Neoadjuvant vs Adjuvant Chemotherapy

A study to determine whether neoadjuvant chemotherapy reduced the risk of lymphedema in patients undergoing unilateral axillary lymph node dissection for node-positive breast cancer compared patients who had adjuvant vs neoadjuvant chemotherapy. “Prospective arm volumes were measured via perometry preoperatively and at 3- to 7-month intervals after surgery. Lymphedema was defined as relative volume change ≥ 10%, > 3 months from surgery,” the authors explained.5

The total number of patients was 229, with 68 (30%) receiving neoadjuvant chemotherapy and 161 (70%) receiving adjuvant chemotherapy. Lymphedema occurred in 15% of the neoadjuvant group vs 23% of the adjuvant group. “This was not significant,” Dr. Taghian said, “but what we found that was very strongly significant was that women who had residual positive lymph nodes after neoadjuvant chemotherapy had a significant, almost ninefold, increase for the development of lymphedema. So patients with residual positive lymph nodes after neoadjuvant chemotherapy should be closely monitored for lymphedema and possible early intervention for the condition.”

Conventional Precautionary Guidelines

Dr. Taghian also presented a review of studies of conventional precautionary guidelines for avoiding lymphedema.6 Recommendations include the avoidance of blood pressure readings, blood draws, infusions, or injections in the at-risk arm, as well as not flying a long distance without a compression sleeve and no repetitive movements.

“There is a paucity of high-level scientific evidence supporting or refuting these precautionary measures and conflicting results among the studies that have been published,” he said. In addition, most of the published data are based on populations with a majority of patients receiving axillary lymph node dissection, but “nowadays, only 20% of patients have lymph node dissection,” he noted.

Lymphedema Risk Factors

Dr. Taghian concluded by listing 5 risk factors for the development of lymphedema identified by the Massachusetts General Lymphedema Studies Team among a modern, prospectively followed cohort of more than 4,000 ­patients:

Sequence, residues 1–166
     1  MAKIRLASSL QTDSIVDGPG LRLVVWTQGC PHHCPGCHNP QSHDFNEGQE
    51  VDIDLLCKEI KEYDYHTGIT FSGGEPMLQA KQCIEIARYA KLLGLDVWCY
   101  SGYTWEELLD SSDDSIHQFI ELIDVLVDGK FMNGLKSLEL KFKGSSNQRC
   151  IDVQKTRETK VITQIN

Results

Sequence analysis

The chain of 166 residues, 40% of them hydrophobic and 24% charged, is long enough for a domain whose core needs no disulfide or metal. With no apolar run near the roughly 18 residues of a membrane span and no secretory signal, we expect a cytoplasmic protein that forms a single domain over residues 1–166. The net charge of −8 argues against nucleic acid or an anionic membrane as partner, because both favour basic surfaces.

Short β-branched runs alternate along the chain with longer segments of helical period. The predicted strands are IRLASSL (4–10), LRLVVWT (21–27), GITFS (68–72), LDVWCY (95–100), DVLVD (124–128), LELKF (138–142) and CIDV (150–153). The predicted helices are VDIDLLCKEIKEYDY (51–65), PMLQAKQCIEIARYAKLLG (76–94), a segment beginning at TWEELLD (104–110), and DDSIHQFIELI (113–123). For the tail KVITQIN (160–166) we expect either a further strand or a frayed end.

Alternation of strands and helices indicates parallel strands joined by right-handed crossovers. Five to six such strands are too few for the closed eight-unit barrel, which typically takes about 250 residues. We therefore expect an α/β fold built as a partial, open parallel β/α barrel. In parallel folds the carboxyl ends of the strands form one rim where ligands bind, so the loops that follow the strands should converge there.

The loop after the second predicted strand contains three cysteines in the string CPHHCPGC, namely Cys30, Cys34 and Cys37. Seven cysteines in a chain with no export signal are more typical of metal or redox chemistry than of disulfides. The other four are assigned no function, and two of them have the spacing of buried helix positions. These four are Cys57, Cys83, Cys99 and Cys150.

1. Axillary lymph node dissection [HR = 4.08, P < .0001]
  2. Regional lymph node irradiation [HR = 1.7, P = .025]
  3. Body mass index ≥ 30 kg/m2 at the time of diagnosis [HR = 1.06, P < .0001]
  4. Measured arm volume increase, relative volume change ≥3% to <10% within 3 months postoperatively [HR = 2.52–3.24, P < .01]
  5. Measured arm volume increase, relative volume change ≥5% to <10% at > 3 months postoperatively [HR = 2.97, P < .0001] ■

Disclosure: Dr. Taghian has received research funding from ImpediMed L-Dex.


1. Taghian A: Lymphedema after treatment for breast cancer: New approach to an old problem. 2016 Lynn Sage Breast Cancer Symposium. Presented September 22, 2016.

2. Sun F, Skolny MN, Swaroop MN, et al: The need for preoperative baseline arm measurement to accurately quantify breast cancer-related lymphedema. Breast Cancer Res Treat 157:229-240, 2016.

3. Warren LE, Miller CL, Horick N, et al: The impact of radiation therapy on the risk of lymphedema after treatment for breast cancer: A prospective cohort study. Int J Radiat Oncol Biol Phys 88:565-571, 2014.

4. Miller CL, Colwell AS, Horick N, et al: Immediate implant reconstruction is associated with a reduced risk of lymphedema compared to mastectomy alone: A prospective cohort study. Ann Surg 263:399-405, 2016.

5. Specht MC, Miller CL, Skolny MN, et al: Residual lymph node disease after neoadjuvant chemotherapy predicts an increased risk of lymphedema in node-positive breast cancer patients. Ann Surg Oncol 20:2835-2841, 2013.

6. Asdourian MS, Skolny MN, Brunelle C, et al: Precautions for breast cancer-related lymphedema: Risk from air travel, ipsilateral arm blood pressure measurements, skin puncture, extreme temperatures, and cellulitis. Lancet Oncol 17:e392-e405, 2016.